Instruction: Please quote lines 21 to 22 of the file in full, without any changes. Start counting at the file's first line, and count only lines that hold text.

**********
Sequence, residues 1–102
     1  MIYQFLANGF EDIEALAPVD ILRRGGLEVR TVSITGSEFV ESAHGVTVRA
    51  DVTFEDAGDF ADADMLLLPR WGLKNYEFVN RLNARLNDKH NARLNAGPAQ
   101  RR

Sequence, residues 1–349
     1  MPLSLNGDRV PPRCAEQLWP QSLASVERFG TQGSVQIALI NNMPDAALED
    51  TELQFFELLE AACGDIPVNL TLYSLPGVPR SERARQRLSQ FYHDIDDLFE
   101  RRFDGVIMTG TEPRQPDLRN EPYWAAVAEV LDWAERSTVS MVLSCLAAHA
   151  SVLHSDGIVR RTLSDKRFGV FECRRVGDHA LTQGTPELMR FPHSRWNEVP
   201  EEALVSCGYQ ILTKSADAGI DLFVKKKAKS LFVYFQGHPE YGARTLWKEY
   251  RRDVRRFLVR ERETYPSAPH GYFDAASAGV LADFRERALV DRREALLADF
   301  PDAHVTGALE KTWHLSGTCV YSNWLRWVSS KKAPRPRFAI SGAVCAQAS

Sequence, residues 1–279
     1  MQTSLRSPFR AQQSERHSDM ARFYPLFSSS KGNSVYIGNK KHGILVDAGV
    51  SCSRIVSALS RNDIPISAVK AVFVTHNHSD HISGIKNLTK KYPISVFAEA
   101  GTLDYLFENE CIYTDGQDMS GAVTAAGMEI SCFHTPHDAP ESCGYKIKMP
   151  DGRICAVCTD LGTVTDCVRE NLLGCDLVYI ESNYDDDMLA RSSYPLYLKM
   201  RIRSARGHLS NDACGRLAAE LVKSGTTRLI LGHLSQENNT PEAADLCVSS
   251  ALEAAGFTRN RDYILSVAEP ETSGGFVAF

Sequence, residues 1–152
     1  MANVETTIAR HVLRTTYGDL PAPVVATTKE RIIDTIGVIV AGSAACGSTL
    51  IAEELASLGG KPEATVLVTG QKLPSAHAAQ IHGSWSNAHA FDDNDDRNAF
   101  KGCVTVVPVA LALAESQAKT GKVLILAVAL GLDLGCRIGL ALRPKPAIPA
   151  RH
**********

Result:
     1  MANVETTIAR HVLRTTYGDL PAPVVATTKE RIIDTIGVIV AGSAACGSTL
    51  IAEELASLGG KPEATVLVTG QKLPSAHAAQ IHGSWSNAHA FDDNDDRNAF